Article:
Ribbon cutting greets the pet memorial garden - petsitterbank

Ribbon cutting greets the pet memorial garden


School systems across the area are beneficiaries of nearly $75 million in funding from the North Carolina Department of Public Instruction’s Center for Safer Schools.

Additional resources for teacher/staff pay, mental health services, and more collaboration with local law enforcement can help increase the sense of security for students, parents, and the community, state leaders said.

Local school systems received varying amounts from the grant. Surry County School will receive $327,171, Mount Airy City Schools were awarded $64,420, and Elkin City Schools were awarded $36,666.

“Our public schools are community centers, cornerstones of our community and our democracy, where we bring all students together to live, learn, and lead.” Travis Reeves of Surry County Schools said at a 2021 ribbon cutting ceremony. “Our schools are dream centers that give our students and families hope for the future.”

Reeves said most of the funds coming to his system have been earmarked for additional School Resource Officers. What is not spent on adding to the SRO rosters may be used to enhance on campus security at schools across the system.

In budget funding requests earlier this year, Reeves identified the need to add a controlled access vestibule for campus visitors that directs guests through the front office as one of the best potential security measures.

He also noted all three high schools needed new telephone systems, intercoms, and fire alarm systems so when campus wide alerts are needed, they can be heard by everyone.

Some of these improvements have already been completed such as the case when county elementary schools completed extensive renovations in 2021.

The National Threat Assessment Center concluded last year that SROs play an important role in preventing school violence. The report said, “In nearly one-third of the cases, an SRO played a role in either reporting the plot or responding to a report made by someone else.”

According to a Duke University study, approximately 79% of North Carolina schools had school resource officers assigned on at least a rotating basis in 2021. However, since 19 students were killed in the mass shooting at Robb Elementary in Uvalde, Texas in May, the nation has found itself asking again how such an event can occur.

Questions have been asked to superintendents and local law enforcement about what can be done to protect children in terms of physical safety measures above the use of SROs.

Surry County’s board of commissioners asked Reeves after the Uvalde tragedy if a solution might be to add retired military or law enforcement, armed or otherwise, to the doorways of schools. That was not the solution he said, and the board engaged in a conversation about the simple things that could be done such as keeping doors closed and not propped open.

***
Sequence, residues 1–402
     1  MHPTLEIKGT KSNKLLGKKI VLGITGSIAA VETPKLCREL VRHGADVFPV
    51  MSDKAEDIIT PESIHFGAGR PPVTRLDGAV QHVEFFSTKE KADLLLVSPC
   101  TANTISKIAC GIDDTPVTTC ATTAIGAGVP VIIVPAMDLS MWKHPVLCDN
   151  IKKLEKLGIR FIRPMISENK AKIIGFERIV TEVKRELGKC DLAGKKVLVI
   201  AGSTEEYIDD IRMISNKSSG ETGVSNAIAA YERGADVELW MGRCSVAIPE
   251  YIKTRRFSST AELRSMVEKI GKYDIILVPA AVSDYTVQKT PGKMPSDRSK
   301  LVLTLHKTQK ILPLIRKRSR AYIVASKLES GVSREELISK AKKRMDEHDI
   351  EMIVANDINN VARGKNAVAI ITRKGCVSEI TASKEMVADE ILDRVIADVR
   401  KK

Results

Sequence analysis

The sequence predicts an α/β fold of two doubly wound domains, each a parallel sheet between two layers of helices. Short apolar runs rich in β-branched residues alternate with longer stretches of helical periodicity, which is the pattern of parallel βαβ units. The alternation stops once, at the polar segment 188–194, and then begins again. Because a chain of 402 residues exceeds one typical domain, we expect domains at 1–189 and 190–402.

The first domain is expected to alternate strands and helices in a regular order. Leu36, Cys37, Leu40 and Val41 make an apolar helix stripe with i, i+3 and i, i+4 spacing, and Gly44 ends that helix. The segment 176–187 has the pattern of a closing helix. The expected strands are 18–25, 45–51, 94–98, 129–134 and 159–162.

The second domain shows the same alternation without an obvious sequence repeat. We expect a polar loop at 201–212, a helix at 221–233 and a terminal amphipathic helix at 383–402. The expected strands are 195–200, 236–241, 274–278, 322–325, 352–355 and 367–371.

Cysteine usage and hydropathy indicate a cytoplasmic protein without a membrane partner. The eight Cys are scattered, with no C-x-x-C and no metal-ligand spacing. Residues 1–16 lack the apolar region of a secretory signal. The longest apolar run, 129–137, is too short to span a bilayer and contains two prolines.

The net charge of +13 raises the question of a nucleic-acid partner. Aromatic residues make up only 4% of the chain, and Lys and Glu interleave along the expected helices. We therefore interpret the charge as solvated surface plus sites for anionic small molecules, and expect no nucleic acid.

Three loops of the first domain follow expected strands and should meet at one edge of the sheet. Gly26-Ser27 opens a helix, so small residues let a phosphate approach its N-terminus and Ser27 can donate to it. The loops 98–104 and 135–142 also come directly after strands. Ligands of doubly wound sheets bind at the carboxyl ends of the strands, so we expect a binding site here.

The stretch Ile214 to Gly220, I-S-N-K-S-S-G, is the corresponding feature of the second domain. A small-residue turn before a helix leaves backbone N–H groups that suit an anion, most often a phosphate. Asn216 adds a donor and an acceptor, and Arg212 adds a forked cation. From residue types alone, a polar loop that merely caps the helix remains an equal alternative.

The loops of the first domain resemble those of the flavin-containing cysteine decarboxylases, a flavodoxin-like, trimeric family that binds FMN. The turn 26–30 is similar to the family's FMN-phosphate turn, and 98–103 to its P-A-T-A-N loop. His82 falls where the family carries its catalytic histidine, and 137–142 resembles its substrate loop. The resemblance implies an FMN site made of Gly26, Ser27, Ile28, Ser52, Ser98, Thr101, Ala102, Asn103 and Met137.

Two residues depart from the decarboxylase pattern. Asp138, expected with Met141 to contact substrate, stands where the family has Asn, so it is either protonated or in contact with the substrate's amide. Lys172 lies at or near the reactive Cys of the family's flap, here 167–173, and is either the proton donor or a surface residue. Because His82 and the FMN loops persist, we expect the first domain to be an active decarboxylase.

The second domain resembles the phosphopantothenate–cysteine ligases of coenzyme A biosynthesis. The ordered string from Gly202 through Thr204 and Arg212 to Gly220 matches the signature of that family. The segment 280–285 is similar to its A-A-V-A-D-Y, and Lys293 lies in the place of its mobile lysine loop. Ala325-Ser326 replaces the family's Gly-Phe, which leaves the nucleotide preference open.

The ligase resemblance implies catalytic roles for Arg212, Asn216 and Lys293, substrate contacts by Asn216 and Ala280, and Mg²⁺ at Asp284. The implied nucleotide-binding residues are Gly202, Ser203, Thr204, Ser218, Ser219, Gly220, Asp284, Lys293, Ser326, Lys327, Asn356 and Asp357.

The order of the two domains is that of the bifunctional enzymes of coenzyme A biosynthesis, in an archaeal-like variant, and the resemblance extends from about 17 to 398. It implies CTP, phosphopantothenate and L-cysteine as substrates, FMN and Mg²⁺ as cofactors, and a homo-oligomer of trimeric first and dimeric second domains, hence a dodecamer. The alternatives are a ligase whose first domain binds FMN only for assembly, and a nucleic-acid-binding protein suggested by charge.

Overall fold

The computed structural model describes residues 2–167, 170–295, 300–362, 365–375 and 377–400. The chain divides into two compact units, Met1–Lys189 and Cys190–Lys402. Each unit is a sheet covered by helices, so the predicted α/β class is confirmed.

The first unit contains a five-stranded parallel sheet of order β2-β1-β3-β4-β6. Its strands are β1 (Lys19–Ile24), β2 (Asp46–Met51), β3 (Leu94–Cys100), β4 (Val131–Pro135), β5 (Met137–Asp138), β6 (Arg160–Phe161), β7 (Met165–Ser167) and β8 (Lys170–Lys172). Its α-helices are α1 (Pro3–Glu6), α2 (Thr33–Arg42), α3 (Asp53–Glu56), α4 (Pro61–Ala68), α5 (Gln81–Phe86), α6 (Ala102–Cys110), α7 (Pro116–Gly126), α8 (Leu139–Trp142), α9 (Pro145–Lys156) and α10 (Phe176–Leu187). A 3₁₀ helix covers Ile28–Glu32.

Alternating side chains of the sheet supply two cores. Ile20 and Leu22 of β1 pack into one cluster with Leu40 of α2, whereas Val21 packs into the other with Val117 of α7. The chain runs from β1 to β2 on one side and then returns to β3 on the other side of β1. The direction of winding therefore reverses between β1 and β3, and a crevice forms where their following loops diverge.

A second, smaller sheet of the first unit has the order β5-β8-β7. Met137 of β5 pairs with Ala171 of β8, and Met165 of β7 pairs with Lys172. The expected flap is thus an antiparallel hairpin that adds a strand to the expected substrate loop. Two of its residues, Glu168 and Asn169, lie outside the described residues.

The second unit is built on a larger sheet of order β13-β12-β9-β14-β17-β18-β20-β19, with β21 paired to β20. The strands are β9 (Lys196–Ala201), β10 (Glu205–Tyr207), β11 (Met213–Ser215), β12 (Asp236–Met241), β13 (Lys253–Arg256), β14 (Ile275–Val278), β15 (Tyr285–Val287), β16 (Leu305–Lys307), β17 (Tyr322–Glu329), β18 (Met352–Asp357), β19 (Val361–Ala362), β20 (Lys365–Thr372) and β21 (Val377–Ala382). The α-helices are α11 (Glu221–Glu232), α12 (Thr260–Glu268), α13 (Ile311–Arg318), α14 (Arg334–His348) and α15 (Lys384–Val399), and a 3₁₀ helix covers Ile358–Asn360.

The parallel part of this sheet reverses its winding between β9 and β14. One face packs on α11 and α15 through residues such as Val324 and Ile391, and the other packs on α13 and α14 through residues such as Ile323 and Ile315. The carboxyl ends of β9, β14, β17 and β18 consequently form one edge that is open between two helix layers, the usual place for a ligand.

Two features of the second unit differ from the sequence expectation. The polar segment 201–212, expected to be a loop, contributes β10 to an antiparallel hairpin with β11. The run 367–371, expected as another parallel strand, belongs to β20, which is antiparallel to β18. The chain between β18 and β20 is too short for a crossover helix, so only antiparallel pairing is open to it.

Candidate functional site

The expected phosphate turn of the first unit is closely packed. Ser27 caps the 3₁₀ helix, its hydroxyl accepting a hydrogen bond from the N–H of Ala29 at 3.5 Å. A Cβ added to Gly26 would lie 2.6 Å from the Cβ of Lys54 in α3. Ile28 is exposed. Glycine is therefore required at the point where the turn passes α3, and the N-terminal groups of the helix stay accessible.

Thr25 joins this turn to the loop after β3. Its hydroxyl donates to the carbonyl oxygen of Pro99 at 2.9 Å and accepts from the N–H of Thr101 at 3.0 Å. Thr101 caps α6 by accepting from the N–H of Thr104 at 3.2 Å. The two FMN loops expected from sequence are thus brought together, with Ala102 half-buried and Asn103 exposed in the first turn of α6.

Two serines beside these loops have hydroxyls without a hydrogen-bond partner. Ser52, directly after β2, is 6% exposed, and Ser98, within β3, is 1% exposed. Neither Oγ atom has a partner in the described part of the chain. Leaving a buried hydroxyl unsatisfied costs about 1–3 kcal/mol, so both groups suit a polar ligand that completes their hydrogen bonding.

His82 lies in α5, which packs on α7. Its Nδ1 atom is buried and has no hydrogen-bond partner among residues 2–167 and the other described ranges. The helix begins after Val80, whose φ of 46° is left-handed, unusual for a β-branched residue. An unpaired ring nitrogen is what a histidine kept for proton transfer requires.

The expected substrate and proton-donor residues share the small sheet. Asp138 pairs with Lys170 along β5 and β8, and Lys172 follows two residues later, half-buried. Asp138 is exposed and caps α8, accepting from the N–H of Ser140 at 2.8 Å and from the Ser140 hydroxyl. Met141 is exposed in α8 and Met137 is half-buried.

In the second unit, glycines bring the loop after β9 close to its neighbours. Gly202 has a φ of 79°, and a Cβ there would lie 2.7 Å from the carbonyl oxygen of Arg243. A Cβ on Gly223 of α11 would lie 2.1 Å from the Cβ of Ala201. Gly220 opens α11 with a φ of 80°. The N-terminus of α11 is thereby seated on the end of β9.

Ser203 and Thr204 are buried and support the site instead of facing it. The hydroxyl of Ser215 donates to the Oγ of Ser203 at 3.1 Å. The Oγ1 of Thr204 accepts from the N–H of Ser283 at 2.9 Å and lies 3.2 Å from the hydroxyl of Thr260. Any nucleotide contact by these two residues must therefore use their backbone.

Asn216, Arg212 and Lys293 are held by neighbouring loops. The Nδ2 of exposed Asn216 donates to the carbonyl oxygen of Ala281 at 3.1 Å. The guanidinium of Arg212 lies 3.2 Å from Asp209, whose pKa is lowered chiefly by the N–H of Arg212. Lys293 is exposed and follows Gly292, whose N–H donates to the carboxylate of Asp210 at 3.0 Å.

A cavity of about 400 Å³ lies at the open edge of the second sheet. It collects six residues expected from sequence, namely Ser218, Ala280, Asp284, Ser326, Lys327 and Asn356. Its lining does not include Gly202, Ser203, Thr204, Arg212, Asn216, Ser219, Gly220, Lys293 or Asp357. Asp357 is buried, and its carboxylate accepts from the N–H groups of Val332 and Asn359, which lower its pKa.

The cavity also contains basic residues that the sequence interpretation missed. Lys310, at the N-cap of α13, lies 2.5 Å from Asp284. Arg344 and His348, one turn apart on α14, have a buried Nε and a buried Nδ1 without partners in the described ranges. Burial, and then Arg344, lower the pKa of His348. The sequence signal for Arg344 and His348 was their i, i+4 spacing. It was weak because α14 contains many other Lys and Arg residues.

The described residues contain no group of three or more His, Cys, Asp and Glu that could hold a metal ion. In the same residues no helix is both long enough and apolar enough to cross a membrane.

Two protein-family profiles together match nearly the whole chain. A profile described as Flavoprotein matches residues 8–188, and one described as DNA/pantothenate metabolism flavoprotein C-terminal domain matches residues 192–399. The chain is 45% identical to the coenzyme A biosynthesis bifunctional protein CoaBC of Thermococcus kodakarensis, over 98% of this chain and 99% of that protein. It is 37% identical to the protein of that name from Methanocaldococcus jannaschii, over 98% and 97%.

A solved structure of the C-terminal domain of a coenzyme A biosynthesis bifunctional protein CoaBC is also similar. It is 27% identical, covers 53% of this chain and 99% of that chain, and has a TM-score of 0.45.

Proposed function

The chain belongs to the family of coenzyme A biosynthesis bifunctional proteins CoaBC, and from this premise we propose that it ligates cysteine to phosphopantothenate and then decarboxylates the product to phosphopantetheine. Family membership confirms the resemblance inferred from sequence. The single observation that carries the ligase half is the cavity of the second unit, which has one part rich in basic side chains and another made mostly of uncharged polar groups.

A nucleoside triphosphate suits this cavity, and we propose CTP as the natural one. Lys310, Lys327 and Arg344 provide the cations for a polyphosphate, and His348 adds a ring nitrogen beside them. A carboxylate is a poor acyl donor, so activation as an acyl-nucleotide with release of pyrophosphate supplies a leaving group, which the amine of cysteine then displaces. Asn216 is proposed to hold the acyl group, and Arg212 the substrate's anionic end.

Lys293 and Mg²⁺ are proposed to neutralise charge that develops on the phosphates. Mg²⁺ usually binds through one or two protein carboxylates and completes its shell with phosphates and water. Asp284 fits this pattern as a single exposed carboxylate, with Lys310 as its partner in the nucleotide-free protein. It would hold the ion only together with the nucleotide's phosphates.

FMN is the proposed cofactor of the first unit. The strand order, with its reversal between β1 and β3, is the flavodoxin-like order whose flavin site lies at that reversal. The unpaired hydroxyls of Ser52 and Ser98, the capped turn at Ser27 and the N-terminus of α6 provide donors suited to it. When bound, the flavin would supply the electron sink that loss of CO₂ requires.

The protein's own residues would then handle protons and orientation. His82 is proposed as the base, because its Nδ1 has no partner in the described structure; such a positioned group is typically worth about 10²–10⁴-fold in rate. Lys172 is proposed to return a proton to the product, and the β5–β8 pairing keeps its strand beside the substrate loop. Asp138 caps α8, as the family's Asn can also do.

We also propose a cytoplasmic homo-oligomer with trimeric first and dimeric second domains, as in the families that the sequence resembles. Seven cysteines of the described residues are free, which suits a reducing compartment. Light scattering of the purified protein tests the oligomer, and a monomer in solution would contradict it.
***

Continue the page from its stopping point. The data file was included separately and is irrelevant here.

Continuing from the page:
Generally being more aware of who is entering the campus and who can access the building itself may prevent another mass shooting and six o’clock news coverage of traumatized second graders sprinting from the schoolhouse.

“School safety is a top priority for the Department of Public Education as it is for students, families, educators – all of us,” State Superintendent of Public Education Catherine Truitt said in announcing the grant funding.

It goes without saying that safety is an essential condition for effective teaching and learning. The Center for Safer Schools did a great job ensuring that each applicant received as much funding as possible to meet that critical need.”

“The School Safety Grant enhances schools’ efforts to keep our students safe,” said Karen W. Fairley, executive director of the Center for Safer Schools. “We’re thankful that we had the funding available to distribute, and we know it will go to good use.”

Wide reach benefits

A total of $74.1 million will be distributed among 200 school districts and charter schools across the state and none were left out. The state announced that all the school districts and charter schools that applied for School Safety Grant funding for the 2022-23 school year received an award.

Yadkin County Schools were granted $581,216, Wilkes County $394,500, and Alleghany County will receive $96,331. Statewide, Stokes County was one of the biggest recipients of grant funding with their allotment being $1,611,000 ranking the sixth largest grant amount of the two hundred grant recipients.

Stokes finds itself in the mix with Johnston, Gaston, Davidson, and Dublin Counties as smaller, more rural, counties that received robust grant funding larger than that of counties with larger populations.

For comparison, Wake County received $659,867 and Winston-Salem Forsyth County $741,470. Of the $74.1 million in grants, only Buncombe County ($5.91 million) and Charlotte-Mecklenburg Schools ($2.89 million) received larger grants than Stokes County.

Since 2018 the School Safety Grant Program has distributed more than $120 million to school systems across the state. The aim has been to improve safety in public schools by providing grants for school resource officers, services for students in crisis, training to increase school safety, safety equipment in schools and additional school mental health support personnel.

gov. Roy Cooper said the state has a role to play in increasing safety for students during budget negotiations. He felt that spending more on school safety was a winning proposition for all parties, “That’s what it is, investment in our children and our public schools, the people who teach them, the staff who are around them.”

“We want to prevent violent events from happening to start with,” Cooper said. “When you look at what our Constitution requires, a sound basic education for all children. Their mental health, their safety is all a part of that.”

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